COLUMN | Anchor away – but not aweigh [Grey Power]

(Representative photo only)

These are febrile times and the recent shutdown of a gas pipeline across the Gulf of Finland, along with the apparent severing of at least one communication cable, has focused attention on geo-politics in this part of the world.

Was this a reprise of the earlier attack by an unknown agency upon the gas pipeline running down the gulf from Russia? It has been no coincidence that members of NATO and other nations have been investing rapidly in ships and equipment capable of stepping up surveillance upon the vital network of energy and communication links under the sea. Could this be a further instance of what has become known as “asymmetric” warfare, or an accident?

It now seems likely that the most recent incident was caused by an anchor, as a badly damaged anchor, minus one of its flukes, was discovered by Finnish authorities in the vicinity of the pipeline. Moreover, it has also been reported that there is evidence of this having been dragged along the bottom, probably severing the communication cables before its fatal meeting with the heavy gas pipeline. A Chinese containership, which had reportedly indeed lost an anchor, is said to be the chief suspect.

“The liabilities attached to this incident are likely to be eye-watering.”

It is a sign of the times that something that would otherwise have been recorded as a regrettable operational accident has become so political, with guarded messages from the Baltic states about the possibility of any fell intent. But could such an occurrence happen by accident, bad seamanship, or mechanical failure?

Certainly, it would not be the first time that undersea cables and pipelines have been damaged by accident. Trawlers dragging gear along the bottom tend to get the most blame, but there have been instances of cables being damaged by ships that dragged their anchors in bad weather or were merely anchored in the wrong place, ignoring the charted warnings.

Some years ago a ship, anchored where she should not have done, caused the shut-down of a North Sea oil pipe. It transpired that the master was using an outdated chart and the ship manager was found legally liable for not supplying him with the updated version. The costs were huge, suggesting that the liabilities attached to this incident are likely to be eye-watering.

Might it be feasible that a ship could be steaming along with its anchor dredging along the bottom? This also is certainly not unknown. Some dozen years ago, I went aboard a big cable repair ship that had just returned from several busy weeks in the English Channel, re-connecting cables that had been damaged in exactly these circumstances by a ship that had merrily steamed through the Dover Straits with an anchor on the bottom, severing every cable it encountered.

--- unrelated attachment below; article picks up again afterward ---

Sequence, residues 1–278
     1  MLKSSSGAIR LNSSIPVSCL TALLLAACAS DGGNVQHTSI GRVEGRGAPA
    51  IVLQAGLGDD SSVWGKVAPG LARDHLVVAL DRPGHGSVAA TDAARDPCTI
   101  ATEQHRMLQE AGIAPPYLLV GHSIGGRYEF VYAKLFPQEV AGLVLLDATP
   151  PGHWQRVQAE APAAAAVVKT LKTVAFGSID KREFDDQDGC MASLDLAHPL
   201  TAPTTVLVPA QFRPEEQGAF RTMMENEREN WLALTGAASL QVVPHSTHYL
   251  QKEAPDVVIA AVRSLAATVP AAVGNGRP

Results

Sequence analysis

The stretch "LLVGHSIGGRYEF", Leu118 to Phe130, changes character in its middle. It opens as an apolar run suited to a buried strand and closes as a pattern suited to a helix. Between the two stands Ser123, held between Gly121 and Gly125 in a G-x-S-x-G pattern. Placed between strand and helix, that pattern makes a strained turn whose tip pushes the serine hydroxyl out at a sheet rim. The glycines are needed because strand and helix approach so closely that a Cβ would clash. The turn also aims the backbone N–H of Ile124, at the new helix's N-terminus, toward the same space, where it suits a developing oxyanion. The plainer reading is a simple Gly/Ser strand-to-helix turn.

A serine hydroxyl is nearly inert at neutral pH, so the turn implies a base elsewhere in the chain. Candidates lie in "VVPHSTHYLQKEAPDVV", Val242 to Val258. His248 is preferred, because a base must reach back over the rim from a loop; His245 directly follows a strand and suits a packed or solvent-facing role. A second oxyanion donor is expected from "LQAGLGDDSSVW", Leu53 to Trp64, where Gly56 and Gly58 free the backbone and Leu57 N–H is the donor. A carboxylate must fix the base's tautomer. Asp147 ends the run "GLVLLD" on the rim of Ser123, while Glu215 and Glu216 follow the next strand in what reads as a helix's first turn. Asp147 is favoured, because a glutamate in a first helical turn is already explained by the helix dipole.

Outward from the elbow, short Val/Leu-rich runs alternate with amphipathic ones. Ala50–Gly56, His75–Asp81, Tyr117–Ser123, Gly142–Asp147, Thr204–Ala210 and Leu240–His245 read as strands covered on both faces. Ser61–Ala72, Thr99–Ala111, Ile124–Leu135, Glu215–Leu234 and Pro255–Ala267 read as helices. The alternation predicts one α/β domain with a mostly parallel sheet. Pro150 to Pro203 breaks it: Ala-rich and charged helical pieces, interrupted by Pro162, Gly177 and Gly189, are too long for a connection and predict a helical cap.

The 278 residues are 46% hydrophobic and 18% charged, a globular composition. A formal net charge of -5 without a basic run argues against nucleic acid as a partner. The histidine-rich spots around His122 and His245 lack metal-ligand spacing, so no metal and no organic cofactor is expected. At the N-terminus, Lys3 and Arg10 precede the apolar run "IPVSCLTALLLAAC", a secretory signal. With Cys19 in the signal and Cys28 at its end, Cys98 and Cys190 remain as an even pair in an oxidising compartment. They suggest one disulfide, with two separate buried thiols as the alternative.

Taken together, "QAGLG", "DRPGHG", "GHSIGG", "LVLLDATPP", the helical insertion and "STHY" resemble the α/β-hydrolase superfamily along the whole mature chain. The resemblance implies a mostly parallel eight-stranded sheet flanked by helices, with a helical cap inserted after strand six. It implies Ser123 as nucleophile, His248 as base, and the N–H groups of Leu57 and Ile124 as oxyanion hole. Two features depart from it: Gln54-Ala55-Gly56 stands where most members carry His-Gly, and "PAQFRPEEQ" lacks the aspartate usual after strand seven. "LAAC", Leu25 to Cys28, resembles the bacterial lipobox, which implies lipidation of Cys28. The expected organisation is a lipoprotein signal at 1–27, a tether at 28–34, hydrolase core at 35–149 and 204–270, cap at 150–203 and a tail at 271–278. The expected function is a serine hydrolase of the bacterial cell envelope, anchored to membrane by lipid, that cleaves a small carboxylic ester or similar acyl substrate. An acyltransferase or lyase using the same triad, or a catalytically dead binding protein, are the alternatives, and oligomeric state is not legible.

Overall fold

“It would not be the first time, and with the numbers of undersea obstructions from communications and energy proliferating apace, it is unlikely to be the last.”

Would you not know that an anchor was loose? Night, bad weather with water or spray coming over the bow, would have ensured that there were no visible signs from the vessel’s bridge, and there will be no instrumentation that might give away signs of the problem. The speed would be affected, but possibly it would be put down to tides or currents.

But surely there are mechanical devices designed to prevent the inadvertent dropping of an anchor? Normally, a ship putting to sea would, when the likelihood of having to use an anchor was past, secure the two anchors by ensuring that they are properly housed in the hawse pipes with heavy chain stoppers, devils’ claws, or senhouse slips and tensioners, along with a heavy steel guillotine over the topmost link. The anchors themselves will be also held securely on the brakes of the windlass. However, with the ship approaching a port, in soundings where anchors might be required or in bad visibility, all this securing tackle will be cleared, ready for instant use. The anchors will be then held on their brakes.

It is more than conceivable that a brake has not been applied sufficiently and that the anchor, after it has been cleared and the crew retreated aft, has walked its way down to the bottom of the Gulf of Finland, causing unseen mayhem as the ship proceeded to her port. It would not be the first time, and with the numbers of undersea obstructions from communications and energy proliferating apace, it is unlikely to be the last.

Michael Grey

Maritime industry legend, and former long-term editor of Lloyds List, Michael Grey kicks off each month with topical issues affecting the maritime world at large.